Christopher Weyant's cartoon on Thursday has opened my eyes to the fact that feminism is an elaborate hoax — a big troll on America. He's just let me in on the joke. But I wonder how many people still don't get it. I love everything about this drawing: The bitter look on the mother's face; the happy smile on the face of the child. A perfect contrast between the natural good adjustment of youth and the deeply unhappy shambles of human adulthood after ideological brainwashing.
If you'd asked Republicans 12 months ago about their 2018 Senate prospects, they would have been all smiles. Having lost so many winnable Senate races in 2006 and 2012, they seemed bound for big gains. They will have very few seats to defend, and Democrats could be on their back foot in as many as a dozen competitive states. Things are a bit less rosy now that a Republican president was unexpectedly elected.
The new FBI crime statistics for 2016 are out this week. They'll surely be dissected in every which way, and one feature that will receive a lot of comment is the alarming two-year, double-digit spike in murders. But most of the arguments I've heard so far maintain that this isn't necessarily something to worry about too much.
Muck Rack makes it simple to find people, tweets, or articles that mention any name, keyword, company, hashtag etc. We've compiled this guide to help you make the most of your search.
Selecting a term
Start searching tweets, articles from media outlets, articles mentioned in tweets, journalists'
names, titles and bios with some suggested searches:
Companies or Topics (e.g. iPhone, Microsoft)
Phrases (e.g. "cloud computing") — use quotes to keep the terms together
Twitter handles (e.g. @username) — returns those who have mentioned or replied to
Names (e.g. "David Pogue")
Hashtags (e.g. #sxsw, #london2012)
Bio details (e.g. vegan, Olympics, father)
Muck Rack's Advanced Search allows for many boolean operators.
Find results that mention multiple specified terms, use AND or
+. For example, ensure each result contains both Elon Musk and Mark Zuckerberg by
searching Musk AND Zuckerberg or Musk + Zuckerberg.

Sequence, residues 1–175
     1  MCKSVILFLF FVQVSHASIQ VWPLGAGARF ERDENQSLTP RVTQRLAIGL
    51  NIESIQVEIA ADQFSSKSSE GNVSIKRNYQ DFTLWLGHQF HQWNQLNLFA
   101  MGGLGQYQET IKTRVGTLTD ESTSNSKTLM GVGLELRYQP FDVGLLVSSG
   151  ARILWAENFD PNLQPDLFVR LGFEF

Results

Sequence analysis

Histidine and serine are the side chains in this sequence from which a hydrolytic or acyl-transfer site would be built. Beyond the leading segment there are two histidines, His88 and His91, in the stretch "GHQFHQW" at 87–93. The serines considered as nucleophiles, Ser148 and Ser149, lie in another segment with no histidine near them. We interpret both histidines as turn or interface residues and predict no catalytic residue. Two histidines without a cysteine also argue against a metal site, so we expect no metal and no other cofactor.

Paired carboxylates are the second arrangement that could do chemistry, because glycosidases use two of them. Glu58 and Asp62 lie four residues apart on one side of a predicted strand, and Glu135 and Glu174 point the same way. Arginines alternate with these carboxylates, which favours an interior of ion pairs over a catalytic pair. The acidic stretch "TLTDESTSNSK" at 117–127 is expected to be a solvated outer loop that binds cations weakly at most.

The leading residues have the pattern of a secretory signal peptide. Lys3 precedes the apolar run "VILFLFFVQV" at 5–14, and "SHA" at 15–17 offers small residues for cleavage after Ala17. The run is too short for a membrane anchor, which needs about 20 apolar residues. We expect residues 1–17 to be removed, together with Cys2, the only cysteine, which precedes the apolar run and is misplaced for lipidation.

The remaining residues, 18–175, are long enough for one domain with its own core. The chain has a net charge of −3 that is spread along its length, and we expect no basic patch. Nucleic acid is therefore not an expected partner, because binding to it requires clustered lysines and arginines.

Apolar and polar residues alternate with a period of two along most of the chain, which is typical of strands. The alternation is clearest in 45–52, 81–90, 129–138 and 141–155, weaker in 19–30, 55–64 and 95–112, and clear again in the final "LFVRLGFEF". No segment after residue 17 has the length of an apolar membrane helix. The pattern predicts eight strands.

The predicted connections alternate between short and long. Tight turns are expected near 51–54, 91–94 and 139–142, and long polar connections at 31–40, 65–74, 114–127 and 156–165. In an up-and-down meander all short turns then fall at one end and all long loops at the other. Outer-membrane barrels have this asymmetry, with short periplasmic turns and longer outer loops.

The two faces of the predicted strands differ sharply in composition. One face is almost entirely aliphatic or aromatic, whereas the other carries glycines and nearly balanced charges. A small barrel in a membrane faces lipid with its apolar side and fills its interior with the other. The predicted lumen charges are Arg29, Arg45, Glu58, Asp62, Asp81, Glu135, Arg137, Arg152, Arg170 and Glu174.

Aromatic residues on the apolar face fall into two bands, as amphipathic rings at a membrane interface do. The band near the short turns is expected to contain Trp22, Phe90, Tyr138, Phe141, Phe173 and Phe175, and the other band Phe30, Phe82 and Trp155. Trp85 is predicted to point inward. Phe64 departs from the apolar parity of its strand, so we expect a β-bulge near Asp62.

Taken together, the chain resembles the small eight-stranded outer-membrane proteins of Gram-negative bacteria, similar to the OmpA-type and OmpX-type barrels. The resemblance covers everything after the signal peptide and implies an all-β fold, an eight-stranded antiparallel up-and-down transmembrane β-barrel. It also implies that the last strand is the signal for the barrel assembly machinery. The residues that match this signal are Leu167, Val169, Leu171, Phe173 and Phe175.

Use the operators OR or , to broaden your search when you'd like either of
multiple terms to appear in results. (This is the default behavior of our search when no operators
are used). For example, results will contain either cake or cookie by searching cake OR cookie or cake,cookie
Use NOT or - to subtract results from your search. For
example, searching Disney will yield results about the Walt Disney Company as well as Walt Disney
World Resort. To exclude mentions of Disney World, search for Disney -World or Disney
When using one of these operators with a phrase, enclose it in quotation marks. For example, you can
find results about smartphones excluding Apple's iPhone 4S by searching smartphone -"iPhone
Exact case matching or punctuation
If you're searching for a brand name or keyword that relies on specific punctuation marks or capitalization, you can
find results that match your exact query by adding matchcase: before the keyword you're searching for, like matchcase:E*TRADE .
Use parentheses to separate multiple
boolean phrases. For example, to find journalists talking about having fun in Disney World or
Disneyland, search for ("disney world" OR disneyland) AND fun.
An asterisk can be used to search for any variation of a root word truncated by the asterisk. For example, searching for admin* will return results for administrator, administration, administer, administered, etc.
A near operator is an AND operator where you can control the distance between the words. You can vary the distance the near operation uses by adding a forward slash and number (between 0-99) such as strawberries NEAR/10 "whipped cream", which means the strawberries must exist within 10 words of "whipped cream".